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Books

Book of Landscape Gardening

Frank A. Waugh
Reprint of the 1926 edition, with a new introduction by Linda Flint McClelland

Book of Landscape Gardening  Cover Image

About the Authors


Frank A. Waugh

In 1903, Frank A. Waugh (1869–1943) founded an undergraduate program in landscape gardening at Massachusetts Agricultural College (now UMass Amherst), only the second such program in the nation. Waugh, who had moved to New England in 1895 from his native Midwest, was one of the first practitioners to conceive of a history of American landscape architecture. He was a renowned teacher and horticulturalist as well as a prolific writer on topics ranging from design to pomology, a talented printmaker, photographer, and flutist. Waugh’s writings were rooted in the principles of naturalistic nineteenth-century landscape gardening, but his theories of ecology and design promoted modern applications, solutions that could be achieved by the professional designer, highway engineer, estate gardener, or average homeowner.

Linda Flint McClelland

Linda Flint McClelland, is a historian for the National Park Service and the author of Building the National Parks: Historic Landscape Design and Construction.

Book of Landscape Gardening

Frank A. Waugh
Reprint of the 1926 edition, with a new introduction by Linda Flint McClelland

Library of American Landscape History

ISBN: 978-1-952620-14-0 Page Count: 336
Price: $35.00 | Cloth Published: 10/06/2007
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A volume in the ASLA Centennial Reprint Series

The most comprehensive of Frank Albert Waugh’s several published books, and widely considered a classic in the field, Book of Landscape Gardening was first published in 1899 and revised several times. “Landscape gardening is eminently a fine art,” Waugh began each edition of the popular text that became a standard in professional practice. In the chapters that follow, he covers several general principles of design and discusses three basic styles—the natural, the architectural, and the picturesque.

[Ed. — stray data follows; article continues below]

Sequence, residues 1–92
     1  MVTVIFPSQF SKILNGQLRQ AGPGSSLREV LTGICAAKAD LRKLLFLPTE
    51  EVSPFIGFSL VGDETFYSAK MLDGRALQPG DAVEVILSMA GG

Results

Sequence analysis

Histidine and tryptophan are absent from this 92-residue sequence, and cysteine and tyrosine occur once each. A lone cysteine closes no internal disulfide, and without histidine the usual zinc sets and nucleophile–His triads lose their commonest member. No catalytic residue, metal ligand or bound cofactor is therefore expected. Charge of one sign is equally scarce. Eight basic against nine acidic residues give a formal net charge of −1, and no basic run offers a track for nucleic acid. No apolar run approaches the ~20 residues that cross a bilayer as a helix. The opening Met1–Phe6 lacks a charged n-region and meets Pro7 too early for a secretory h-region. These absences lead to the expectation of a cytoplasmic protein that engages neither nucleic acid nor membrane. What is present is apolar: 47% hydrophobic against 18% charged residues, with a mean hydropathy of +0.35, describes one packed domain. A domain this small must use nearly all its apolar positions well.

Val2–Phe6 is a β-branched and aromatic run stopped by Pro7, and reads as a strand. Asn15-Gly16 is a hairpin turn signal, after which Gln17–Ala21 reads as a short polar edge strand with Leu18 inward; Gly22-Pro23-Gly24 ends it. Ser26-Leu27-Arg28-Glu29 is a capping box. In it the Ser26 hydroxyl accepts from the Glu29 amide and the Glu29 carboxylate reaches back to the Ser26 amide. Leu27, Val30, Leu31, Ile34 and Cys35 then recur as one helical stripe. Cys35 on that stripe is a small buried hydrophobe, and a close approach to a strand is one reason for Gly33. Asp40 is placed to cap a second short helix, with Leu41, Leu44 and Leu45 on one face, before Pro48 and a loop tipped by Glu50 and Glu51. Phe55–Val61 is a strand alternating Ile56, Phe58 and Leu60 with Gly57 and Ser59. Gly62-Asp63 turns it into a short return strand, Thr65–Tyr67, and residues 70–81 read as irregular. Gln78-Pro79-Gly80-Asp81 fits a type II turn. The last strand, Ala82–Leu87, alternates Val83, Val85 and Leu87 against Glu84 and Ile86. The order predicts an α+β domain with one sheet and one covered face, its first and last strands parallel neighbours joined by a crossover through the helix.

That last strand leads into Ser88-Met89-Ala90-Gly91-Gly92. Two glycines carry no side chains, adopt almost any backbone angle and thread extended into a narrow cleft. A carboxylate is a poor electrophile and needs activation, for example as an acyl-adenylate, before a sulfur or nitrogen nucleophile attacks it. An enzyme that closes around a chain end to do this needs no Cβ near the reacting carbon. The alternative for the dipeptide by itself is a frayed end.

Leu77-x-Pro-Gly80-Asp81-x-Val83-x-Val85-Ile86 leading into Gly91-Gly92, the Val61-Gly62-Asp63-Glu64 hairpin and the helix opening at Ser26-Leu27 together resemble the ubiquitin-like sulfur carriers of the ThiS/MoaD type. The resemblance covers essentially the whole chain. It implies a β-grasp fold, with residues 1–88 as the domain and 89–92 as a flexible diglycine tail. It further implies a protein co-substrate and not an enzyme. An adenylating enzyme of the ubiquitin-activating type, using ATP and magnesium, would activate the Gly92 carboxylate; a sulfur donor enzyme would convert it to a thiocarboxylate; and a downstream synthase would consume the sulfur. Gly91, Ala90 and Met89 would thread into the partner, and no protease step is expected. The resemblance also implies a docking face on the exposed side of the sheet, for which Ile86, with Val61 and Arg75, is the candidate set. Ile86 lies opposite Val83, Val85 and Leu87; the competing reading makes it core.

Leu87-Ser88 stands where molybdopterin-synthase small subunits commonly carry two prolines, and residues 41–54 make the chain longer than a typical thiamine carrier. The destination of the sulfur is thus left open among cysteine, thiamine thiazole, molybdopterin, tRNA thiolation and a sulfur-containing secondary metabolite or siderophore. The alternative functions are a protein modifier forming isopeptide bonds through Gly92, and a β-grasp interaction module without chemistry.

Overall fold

The book achieved its broad appeal by striking a balance between well-known period examples and solutions that could be achieved by the professional designer, highway engineer, estate gardener, or average homeowner. Photographs, many of them taken by Waugh, depict far-ranging landscapes from Europe and Japan to diverse regions of the United States. Several plant lists and an annotated bibliography of landscape design sources accompany the text.

In this edition, a new introduction by historian Linda Flint McClelland examines Waugh’s contributions to landscape architecture during a period of great technological change, growing cultural sophistication, and economic prosperity.

About the Authors


Frank A. Waugh

In 1903, Frank A. Waugh (1869–1943) founded an undergraduate program in landscape gardening at Massachusetts Agricultural College (now UMass Amherst), only the second such program in the nation. Waugh, who had moved to New England in 1895 from his native Midwest, was one of the first practitioners to conceive of a history of American landscape architecture. He was a renowned teacher and horticulturalist as well as a prolific writer on topics ranging from design to pomology, a talented printmaker, photographer, and flutist. Waugh’s writings were rooted in the principles of naturalistic nineteenth-century landscape gardening, but his theories of ecology and design promoted modern applications, solutions that could be achieved by the professional designer, highway engineer, estate gardener, or average homeowner.

Linda Flint McClelland

Linda Flint McClelland, is a historian for the National Park Service and the author of Building the National Parks: Historic Landscape Design and Construction.